Think that at some point in life, we sometimes functions under the guise of a falsified persona to protect ourselves from hurt and pain. The “masks” we put on can represent many things – low self-esteem, lack of confidence, fear of judgement, or other such negatively connoted emotional criteria, etc. The list can be long and unforgiving. One day, the mask comes off, and we then expose ourselves to the truth of the world, accepting the potential to be hurt again, or to be disappointed.
The reason you look in the mirror and judge yourself might even be body dysmorphic disorder. I struggle with this all the time, and have since I was in my youth (though I’m getting better!), always keen on repeating negative things about myself or appearance in my head that caused me constant, severe mental and emotional stress.
The Anxiety and Depression Association of America characterizes BDD as: “persistent and intrusive preoccupations with an imagined or slight defect in one’s appearance…” It then goes on to explain that: “…for someone with BDD, the flaw is significant and prominent, often causing severe emotional distress and difficulties in daily functioning.”
But hey, on the bright side, know that the mask indeed CAN come off, with enough practice and even with surrounding yourself with people who are supportive and have the right attitudes. Despite the many masks I myself have worn through my life, I have chosen to be honest and true with myself hereon and take the mask off, exposing myself to whatever the world around me might throw at me, despite my inclinations to sell myself short or criticize myself. It opens you up to wonderful and beautiful things, too. I hope that those of us who still wear those masks can learn to be true to themselves and give life a chance to impress them.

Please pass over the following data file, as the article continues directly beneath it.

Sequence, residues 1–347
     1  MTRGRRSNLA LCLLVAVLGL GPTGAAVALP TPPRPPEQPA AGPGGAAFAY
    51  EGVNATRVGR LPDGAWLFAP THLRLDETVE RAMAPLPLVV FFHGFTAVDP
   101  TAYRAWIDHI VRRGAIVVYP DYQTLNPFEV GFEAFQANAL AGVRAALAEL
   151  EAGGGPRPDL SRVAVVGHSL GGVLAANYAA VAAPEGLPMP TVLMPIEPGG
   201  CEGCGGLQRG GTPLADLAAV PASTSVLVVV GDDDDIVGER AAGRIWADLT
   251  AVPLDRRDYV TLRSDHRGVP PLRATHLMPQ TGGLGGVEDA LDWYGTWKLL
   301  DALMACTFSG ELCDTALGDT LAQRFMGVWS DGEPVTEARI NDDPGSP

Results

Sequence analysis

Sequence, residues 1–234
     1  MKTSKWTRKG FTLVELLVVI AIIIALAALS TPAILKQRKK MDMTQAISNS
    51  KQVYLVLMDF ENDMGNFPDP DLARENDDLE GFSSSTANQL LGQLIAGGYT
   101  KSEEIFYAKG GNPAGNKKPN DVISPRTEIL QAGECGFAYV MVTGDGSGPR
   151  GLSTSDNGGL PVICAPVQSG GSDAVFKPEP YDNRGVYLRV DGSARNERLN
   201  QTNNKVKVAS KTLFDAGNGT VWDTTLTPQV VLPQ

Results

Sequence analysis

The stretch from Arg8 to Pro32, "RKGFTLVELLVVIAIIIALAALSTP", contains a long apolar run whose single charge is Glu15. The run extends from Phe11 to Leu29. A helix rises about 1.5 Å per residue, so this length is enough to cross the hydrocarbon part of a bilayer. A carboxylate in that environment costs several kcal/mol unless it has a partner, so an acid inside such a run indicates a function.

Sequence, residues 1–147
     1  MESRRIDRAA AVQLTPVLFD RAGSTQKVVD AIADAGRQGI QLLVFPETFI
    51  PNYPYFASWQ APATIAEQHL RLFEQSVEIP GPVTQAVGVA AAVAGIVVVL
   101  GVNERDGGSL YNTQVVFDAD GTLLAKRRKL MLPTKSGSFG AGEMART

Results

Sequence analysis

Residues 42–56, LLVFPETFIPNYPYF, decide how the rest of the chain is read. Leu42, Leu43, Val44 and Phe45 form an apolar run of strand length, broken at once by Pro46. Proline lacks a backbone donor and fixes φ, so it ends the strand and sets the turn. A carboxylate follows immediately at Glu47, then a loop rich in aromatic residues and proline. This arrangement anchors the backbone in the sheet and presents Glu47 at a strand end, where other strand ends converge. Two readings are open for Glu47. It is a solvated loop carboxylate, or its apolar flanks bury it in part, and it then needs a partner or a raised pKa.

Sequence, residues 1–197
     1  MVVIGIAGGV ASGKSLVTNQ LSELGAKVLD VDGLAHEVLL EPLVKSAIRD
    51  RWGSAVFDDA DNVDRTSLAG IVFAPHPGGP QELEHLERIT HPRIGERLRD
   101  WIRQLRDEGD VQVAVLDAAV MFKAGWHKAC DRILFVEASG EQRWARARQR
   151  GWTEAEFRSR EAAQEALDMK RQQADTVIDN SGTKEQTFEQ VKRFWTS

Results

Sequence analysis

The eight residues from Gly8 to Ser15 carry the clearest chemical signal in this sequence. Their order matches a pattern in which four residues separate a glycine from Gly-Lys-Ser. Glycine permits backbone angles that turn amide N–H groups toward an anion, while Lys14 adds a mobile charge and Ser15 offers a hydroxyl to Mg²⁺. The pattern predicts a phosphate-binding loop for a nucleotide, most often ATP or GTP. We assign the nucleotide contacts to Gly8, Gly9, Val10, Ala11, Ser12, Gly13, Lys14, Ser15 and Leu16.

You are worth it. Believe in yourself. Believe in the ability of others to recognize your uniquely beautiful soul.
Aside: If you ever need a little bolstering motivation or a helping hand, you’re always free to send me a private message for a chat. I’m not a psychiatrist, but I can be a good ear, when needed.
Smile on and follow along with this poem dedicated to the hopeful unmasking of an uncertain heart.
Peering in to prudent eyes reflecting morosely in the mirror, her face slid forward, fixed gaze locked, drawing ever nearer.
With curiosity, inquiringly cognizant of the face which echoed back, regarding with such intensity, one thought the mirror might crack.
Contemplating the visage of a woman she barely knew, wondering whether her view was deception, or properly true.
Days and months passed, years came and went.
Each mask she had donned now looked terribly bent.
It had been many a time that this face she’d replaced.
Gloomily gawking at the likeness before her, disgraced.
Pooling in her eyes was a fountain of tears as she confessed all her deepest, darkest black fears.
The masks which had carefully been made had suddenly become sadly decayed.
Off the masks came, layer by layer, amidst the breathless whisper of a promiseful prayer.
Beneath the thickness of lies and deceptions, she no longer perceived her prideful misconceptions.
Ogling objectively at this fresh face she saw, to much her surprise, it was found with no flaw.
Observing her newfound confident smile made her the happiest she’d felt in a very long while.
Renewed with excitement, having been undisguised, she was finally freed from the past she despised.
She touched each cheek with a gentle caress then quickly slipped into her prettiest dress.
It had been so long since she felt this way.
She was urged to step out in the light of the day.
And felt the warm sun rays kissing her skin as she walked through the world with her satisfied grin.